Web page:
“Body burden: The amount of radioactivity present in a human body, which acts as an internal and ongoing source of radiation.”
So begins this amazing book.
I found “Full Body Burden” immediately charming, compelling, and horrific. Iversen intertwines the riveting tale of Rocky Flats, a criminally mismanaged federal nuclear weapons facility, with that of her small family living the epitome of the American dream on the outskirts of Arvada, Colorado.
Iversen’s beautiful and concise prose would have made this an interesting and worthwhile read if it had only been the story of a young woman growing up on the high plains of eastern Colorado with all the requisite challenges and triumphs that any young family might face. The addition of the harrowing and destructive realities of growing up next to the “most contaminated site in America” changes the story from one of familial calamity and pathos to one of environmental cataclysm and terror.
One of the most interesting aspects of the story is the atmosphere of willing denial in which the whole community participated. No one seemed to want to ask too many questions or know too much about what was going on there.
“I think they’re making cleaning supplies,” was Kristen’s mother’s speculation (because of the relationship that Rocky Flats had with Dow Chemical).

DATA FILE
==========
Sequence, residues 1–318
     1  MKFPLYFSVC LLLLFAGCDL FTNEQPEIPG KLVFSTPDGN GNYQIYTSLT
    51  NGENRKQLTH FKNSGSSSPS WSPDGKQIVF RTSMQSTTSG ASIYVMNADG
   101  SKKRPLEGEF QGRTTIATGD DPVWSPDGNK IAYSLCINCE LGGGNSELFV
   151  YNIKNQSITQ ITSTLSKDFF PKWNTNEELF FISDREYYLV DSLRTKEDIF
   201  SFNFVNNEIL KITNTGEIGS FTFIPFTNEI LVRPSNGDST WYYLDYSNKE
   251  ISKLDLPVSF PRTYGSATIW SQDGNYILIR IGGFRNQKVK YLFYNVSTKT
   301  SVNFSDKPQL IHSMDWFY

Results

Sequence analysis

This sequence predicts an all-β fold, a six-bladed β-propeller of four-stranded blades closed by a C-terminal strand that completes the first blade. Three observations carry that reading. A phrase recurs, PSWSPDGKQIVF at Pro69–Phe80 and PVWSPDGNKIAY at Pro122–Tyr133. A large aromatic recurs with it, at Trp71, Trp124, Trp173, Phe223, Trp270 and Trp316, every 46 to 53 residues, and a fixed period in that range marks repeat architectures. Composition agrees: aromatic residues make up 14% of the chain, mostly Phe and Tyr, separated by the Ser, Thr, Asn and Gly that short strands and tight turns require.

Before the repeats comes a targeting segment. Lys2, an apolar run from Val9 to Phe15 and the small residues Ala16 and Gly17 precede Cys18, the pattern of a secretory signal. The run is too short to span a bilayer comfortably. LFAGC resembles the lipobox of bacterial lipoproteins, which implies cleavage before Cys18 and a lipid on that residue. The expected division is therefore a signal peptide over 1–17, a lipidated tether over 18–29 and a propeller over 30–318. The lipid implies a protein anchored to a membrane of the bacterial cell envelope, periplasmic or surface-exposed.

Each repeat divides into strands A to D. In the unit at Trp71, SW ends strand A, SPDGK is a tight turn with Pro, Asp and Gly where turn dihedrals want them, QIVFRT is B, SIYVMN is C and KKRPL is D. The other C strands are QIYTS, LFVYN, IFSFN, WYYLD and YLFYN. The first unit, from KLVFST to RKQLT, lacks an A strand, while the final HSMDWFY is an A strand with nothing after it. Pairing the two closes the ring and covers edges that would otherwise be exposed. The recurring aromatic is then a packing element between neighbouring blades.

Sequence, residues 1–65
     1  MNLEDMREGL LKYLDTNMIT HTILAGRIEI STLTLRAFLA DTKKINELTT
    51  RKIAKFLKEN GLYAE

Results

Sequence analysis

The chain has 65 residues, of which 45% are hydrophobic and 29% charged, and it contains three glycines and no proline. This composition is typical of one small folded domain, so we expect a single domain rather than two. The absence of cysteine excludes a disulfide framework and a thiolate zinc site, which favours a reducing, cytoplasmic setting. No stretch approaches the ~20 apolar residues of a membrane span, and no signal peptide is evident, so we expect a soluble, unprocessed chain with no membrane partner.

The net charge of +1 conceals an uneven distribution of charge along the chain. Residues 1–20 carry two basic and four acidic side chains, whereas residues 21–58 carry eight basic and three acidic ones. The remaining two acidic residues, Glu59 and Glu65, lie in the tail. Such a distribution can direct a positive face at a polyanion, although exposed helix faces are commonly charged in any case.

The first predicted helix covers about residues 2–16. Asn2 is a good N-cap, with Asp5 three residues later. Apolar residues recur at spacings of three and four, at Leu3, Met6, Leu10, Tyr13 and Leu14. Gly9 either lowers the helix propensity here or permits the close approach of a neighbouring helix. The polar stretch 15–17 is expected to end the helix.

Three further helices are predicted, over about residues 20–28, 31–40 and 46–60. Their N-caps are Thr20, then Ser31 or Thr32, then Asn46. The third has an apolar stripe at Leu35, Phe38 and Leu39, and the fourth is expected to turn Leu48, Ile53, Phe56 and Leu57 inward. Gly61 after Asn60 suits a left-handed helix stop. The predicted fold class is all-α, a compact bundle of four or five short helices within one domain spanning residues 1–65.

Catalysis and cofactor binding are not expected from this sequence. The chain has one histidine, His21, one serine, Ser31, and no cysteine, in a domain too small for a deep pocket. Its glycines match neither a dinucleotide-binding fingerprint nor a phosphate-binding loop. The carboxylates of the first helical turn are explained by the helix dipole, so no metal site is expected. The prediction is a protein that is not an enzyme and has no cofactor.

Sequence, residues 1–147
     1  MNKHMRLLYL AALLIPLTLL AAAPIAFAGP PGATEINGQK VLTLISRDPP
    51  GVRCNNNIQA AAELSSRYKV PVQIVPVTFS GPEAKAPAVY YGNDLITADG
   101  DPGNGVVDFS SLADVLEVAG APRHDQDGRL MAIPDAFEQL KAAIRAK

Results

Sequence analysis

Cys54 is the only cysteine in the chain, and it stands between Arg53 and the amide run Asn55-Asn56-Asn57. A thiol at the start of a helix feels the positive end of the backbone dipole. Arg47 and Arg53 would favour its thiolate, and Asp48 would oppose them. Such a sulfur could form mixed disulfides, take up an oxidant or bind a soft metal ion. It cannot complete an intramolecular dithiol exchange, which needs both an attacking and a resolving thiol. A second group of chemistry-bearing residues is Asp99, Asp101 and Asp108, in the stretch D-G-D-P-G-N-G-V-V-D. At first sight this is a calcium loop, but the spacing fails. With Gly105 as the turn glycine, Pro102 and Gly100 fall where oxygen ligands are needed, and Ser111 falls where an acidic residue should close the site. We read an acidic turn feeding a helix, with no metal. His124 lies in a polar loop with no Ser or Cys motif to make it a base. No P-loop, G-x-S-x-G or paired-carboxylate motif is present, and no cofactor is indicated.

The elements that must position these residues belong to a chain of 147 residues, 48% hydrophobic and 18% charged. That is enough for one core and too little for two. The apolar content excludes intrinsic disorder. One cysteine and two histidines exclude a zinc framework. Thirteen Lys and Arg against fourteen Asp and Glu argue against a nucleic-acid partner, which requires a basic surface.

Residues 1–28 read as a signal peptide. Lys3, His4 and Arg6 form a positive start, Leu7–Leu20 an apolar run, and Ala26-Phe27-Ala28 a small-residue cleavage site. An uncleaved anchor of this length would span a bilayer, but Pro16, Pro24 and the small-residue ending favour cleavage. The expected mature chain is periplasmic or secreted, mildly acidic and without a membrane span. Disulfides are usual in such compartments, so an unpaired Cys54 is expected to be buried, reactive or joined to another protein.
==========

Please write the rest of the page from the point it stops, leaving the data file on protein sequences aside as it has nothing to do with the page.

Even more astonishing was the cavalier and haphazard way the plant was operated, especially considering the fact that one “trigger” has enough breathable particles of plutonium in it to kill every single human being on the planet. Throughout the life of the plant there were several near-catastrophic “incidents.” There was the 1969 “Mother’s Day fire,” for instance, which almost resulted in an explosion that would have devastated the Denver metro area.
Meanwhile, back at home, Kristen and her siblings are expected to overlook their father’s increasing alcoholism and their mother’s apparent addiction to prescription medications as their family strives to keep itself together. At the same time, children and animals in the town are showing evidence of rare and relatively unknown cancers and diseases. Finally, in 1987, the FBI raided Rocky Flats and discovered numerous violations of federal anti-pollution laws, including limited contamination of water and soil. In 1992, plant owner Rockwell was charged with environmental crimes including violations of the Resource Conservation and Recovery Act, and the Clean Water Act.
Rockwell pleaded guilty and paid an $18.5 million fine. This was the largest fine for an environmental crime to that date.
Ms. Iversen spent approximately ten years researching the material for this book, at one point actually working at the facility, meticulously collecting data and details, incident and accident reports that comprise the record of malfeasance of a corporation and a government in this searing indictment of weapons-grade stupidity and arrogance.